Leadership in the Time of Crisis: Chris Wagner Takes the Helm as CBA President

May 5, 2020

By Leyla Shokoohe, director of communications at the CBA.

Wagner pictured at the Hamilton County Courthouse Law Library.
When Chris Wagner started on the path to becoming president of the Cincinnati Bar Association, he couldn’t have anticipated assuming the role during a global pandemic. But the longtime public sector attorney is up for the challenge.  

“We are all now faced with the knowledge that this will be a long solution and we will have to deal with the consequences for quite some time going forward,” said Wagner of the coronavirus outbreak.  

In March of 2020, the city of Cincinnati and the state of Ohio took precautionary measures before much of the country, shutting down non-essential businesses and changing the landscape of practice for many professionals, including lawyers. Legal services were deemed an essential business, and both lawyers and the CBA continued to operate, largely remotely, during the crisis.  

At the time of publication, several of our courts had issued orders restricting inflow to courtrooms, and many pivoted to virtual settings. But access to the law and legal services never stopped. The legal community and the CBA are no strangers to remaining calm under fire. The 148-year-old organization has, as Wagner pointed out, stood the test of time in this country.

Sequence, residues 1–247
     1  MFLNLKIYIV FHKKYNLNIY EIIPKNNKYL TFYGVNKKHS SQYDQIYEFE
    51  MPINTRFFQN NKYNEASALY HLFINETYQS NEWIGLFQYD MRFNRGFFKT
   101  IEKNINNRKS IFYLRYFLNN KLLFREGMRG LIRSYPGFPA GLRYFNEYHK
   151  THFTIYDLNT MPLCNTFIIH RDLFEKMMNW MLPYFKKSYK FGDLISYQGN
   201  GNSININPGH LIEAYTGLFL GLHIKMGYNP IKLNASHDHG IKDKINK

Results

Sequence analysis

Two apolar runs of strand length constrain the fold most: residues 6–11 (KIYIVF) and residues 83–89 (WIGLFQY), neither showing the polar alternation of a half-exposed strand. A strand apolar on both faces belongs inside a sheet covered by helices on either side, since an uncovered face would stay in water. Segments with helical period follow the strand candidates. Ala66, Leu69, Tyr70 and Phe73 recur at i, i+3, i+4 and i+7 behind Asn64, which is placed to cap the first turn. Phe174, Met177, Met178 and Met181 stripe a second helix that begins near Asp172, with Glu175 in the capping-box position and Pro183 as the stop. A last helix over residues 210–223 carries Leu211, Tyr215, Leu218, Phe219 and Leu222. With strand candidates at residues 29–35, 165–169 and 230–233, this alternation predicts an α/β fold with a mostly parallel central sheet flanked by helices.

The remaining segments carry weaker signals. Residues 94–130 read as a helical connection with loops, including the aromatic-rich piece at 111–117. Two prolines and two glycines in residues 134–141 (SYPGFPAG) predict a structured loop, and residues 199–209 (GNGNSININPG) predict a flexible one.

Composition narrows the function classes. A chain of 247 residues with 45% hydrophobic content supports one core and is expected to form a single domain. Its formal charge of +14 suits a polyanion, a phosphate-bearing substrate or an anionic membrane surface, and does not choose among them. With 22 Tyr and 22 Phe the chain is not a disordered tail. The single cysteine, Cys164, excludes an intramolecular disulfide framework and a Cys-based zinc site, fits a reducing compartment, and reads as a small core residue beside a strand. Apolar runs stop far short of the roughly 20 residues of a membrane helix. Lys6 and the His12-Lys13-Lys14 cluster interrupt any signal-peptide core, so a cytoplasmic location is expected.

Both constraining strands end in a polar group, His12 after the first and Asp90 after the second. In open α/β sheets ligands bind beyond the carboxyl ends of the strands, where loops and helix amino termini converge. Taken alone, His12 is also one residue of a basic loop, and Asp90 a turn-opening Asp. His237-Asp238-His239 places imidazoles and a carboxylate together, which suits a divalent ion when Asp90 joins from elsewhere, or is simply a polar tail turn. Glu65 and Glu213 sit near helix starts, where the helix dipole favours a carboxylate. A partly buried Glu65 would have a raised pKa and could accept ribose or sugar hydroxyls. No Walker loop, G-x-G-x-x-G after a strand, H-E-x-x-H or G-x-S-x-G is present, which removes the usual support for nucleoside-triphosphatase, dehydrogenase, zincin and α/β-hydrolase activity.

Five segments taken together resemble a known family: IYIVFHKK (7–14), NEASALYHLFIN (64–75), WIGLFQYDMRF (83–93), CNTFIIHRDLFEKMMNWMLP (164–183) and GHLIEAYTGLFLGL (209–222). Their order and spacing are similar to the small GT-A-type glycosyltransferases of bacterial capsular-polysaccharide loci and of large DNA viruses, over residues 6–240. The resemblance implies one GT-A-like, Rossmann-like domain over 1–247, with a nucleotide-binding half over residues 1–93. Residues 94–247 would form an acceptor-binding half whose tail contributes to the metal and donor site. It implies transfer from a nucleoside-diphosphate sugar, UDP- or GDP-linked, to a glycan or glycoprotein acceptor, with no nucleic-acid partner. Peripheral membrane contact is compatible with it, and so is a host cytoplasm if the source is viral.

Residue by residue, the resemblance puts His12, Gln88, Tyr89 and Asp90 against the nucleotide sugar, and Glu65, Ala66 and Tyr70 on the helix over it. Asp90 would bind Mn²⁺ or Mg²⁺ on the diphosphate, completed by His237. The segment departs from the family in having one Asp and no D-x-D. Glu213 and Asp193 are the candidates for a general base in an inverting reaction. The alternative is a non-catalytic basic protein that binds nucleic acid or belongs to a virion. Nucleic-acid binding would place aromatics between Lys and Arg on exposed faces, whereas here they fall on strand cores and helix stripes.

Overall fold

“Within context, we should all take comfort that our Cincinnati Bar Association has suffered through the Spanish Flu outbreak, two World Wars, the Great Depression, the Great Recession, and all the other conflicts, and our profession has come out stronger than it did before, as long as that is what we want to do,” he said. 

A graduate of the University of Cincinnati’s College of Law, Wagner wanted to be a lawyer from the outset.  

“I always wanted to go to law school,” he said. “As a small child, I was very fascinated in our constitutional system, the history of the republic, the intersection of constitutional law and individual freedoms, and enjoyed studying classes even in undergrad about constitutional law.”